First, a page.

Flutter Hooks useState example

In the previous blog post, we described how to create a dialog for multiple category selection. To do this we had to create two stateful widgets. We also had to override the initState method of the dialog. In React this can be done more easily with Hooks. Luckily there are also Hooks in Flutter that can do the same. In this blog post, we will show you how to rewrite the dialog example with Hooks.

Configuring the project

Before we can start with coding, we are going to add a dependency to the project, namely Flutter Hooks. For this we have to update our pubspec.yaml with the following dependency:

dependencies:
  flutter_hooks: ^0.15.0

Do not forget to install the dependency, running the following command:

flutter pub get

That is it! We can now use Flutter Hooks in the project.

Make the application use useState

Before we start, let’s take a look at the previous Stateful Widget. Since we have StatefulWidget, we pass any variables to the StatefulWidget. The class that extends the State can access those values through the widget. We have a list variable that maintains the current selection and use the setState to update the state of the Widget and trigger a repaint.

class CategorySelector extends StatefulWidget {
  final List categories;

  CategorySelector(this.categories);

  @override
  _CategorySelectorState createState() => _CategorySelectorState();
}

class _CategorySelectorState extends State {
  final selectedCategories = List();

  @override
  Widget build(BuildContext context) {
    return Column(
      children: [
        RaisedButton(
          child: Text("Select Fruit"),
          onPressed: () async {
            List categories = await showDialog(
              context: this.context,
              child: new Dialog(
                child: CategorySelectorDialog(
                    widget.categories, List.from(selectedCategories)),
              ),
            );
            setState(() {
              selectedCategories.clear();
              selectedCategories.addAll(categories);
            });
          },
        ),
        Container(
          color: Colors.green,
          height: 2,
        ),
        SelectedCategories(
          categories: selectedCategories,
        )
      ],
    );
  }
}

The first thing we do is to merge both classes and have that class extend the HookWidget. We move the current selection to the build method and here we are going to call the hook: useState(List<String>)(). This means that when the values changes, it will have the same effect as when that would be done in the setState method. So we can remove the setState method and set the value directly:

class CategorySelector extends HookWidget {
  final List categories;

  CategorySelector(this.categories);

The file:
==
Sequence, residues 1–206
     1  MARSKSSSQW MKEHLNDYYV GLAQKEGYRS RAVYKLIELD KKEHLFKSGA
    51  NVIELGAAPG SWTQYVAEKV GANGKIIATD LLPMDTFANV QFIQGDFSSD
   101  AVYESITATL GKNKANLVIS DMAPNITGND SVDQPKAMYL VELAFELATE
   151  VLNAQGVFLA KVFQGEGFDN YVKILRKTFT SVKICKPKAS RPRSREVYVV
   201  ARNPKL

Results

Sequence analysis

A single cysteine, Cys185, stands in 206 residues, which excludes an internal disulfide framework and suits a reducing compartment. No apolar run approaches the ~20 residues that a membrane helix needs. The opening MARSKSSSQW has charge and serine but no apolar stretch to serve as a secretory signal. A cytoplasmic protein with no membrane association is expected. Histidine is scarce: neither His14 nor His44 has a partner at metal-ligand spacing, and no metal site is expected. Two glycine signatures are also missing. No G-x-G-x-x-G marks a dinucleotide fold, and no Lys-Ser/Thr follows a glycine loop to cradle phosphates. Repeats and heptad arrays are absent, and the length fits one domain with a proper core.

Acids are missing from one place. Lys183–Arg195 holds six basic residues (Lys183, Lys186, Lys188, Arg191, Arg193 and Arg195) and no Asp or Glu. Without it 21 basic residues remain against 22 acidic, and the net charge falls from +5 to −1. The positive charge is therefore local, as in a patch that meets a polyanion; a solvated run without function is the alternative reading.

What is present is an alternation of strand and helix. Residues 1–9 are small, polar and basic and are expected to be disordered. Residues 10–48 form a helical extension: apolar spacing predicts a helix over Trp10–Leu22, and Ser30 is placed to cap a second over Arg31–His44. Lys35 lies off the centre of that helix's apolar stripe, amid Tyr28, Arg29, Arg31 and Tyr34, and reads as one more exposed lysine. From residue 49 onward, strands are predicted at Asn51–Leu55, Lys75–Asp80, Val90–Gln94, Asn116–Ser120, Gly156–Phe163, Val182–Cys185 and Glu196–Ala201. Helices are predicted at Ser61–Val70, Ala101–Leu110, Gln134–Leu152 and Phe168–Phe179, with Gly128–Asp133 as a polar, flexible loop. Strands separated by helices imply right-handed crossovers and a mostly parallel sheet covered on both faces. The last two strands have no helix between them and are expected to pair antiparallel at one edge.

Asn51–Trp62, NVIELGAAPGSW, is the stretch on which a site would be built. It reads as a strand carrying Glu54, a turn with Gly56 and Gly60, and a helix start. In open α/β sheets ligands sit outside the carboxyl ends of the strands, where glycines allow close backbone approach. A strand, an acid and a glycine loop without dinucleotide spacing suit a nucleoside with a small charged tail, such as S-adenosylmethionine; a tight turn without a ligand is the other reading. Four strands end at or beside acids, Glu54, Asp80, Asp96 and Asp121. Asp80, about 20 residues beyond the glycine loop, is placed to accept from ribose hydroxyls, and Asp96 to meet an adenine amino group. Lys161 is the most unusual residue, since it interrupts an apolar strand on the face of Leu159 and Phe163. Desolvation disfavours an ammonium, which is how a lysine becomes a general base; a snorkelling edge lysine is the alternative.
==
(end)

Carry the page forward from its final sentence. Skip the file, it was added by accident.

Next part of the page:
@override
  Widget build(BuildContext context) {
    final selectedCategories = useState(List());
    return Column(
      children: [
        RaisedButton(
          child: Text("Select Fruit"),
          onPressed: () async {
            List selection = await showDialog(
              context: context,
              child: new Dialog(
                child: CategorySelectorDialog(
                    categories, List.from(selectedCategories.value)),
              ),
            );
            selectedCategories.value = selection;
          },
        ),
        Container(
          color: Colors.green,
          height: 2,
        ),
        SelectedCategories(
          categories: selectedCategories.value,
        )
      ],
    );
  }
}

Now let’s take a look at the dialog. The biggest difference was the initState method that was called. In the initState we would add the current selection to the selected values so that the user does not have to remember which categories he already picked. With the hooks, this is no longer needed, since we can pass the current selection as the initial value for the current selection.

class CategorySelectorDialog extends HookWidget {
  final List categories;
  final List currentSelection;

  CategorySelectorDialog(this.categories, this.currentSelection);

  @override
  Widget build(BuildContext context) {
    final selectedCategories = useState(currentSelection);
    return Column(
      children: [
        Flexible(
          child: ListView.builder(
              itemCount: categories.length,
              itemBuilder: (BuildContext context, int index) {
                return CheckboxListTile(
                  value: selectedCategories.value.contains(categories[index]),
                  onChanged: (bool selected) {
                    if (selected) {
                      selectedCategories.value += [categories[index]];
                    } else {
                      selectedCategories.value.remove(categories[index]);
                      selectedCategories.value =
                          List.from(selectedCategories.value);
                    }
                  },
                  title: Text(categories[index]),
                );
              }),
        ),
        RaisedButton(
          onPressed: () {
            Navigator.pop(context, currentSelection);
          },
          child: Text("Cancel"),
        ),
        RaisedButton(
          onPressed: () {
            Navigator.pop(context, selectedCategories.value);
          },
          child: Text("Done"),
        )
      ],
    );
  }
}

In rewriting this simple category selection we removed more than 10% of the code lines. This does not mean that fewer lines of code are always better, but the lines of code we removed did not add much value and even made it less obvious what was going on. Thanks for reading and if you have any questions. Feel free to ask them! The full code of this example can be found on Github.

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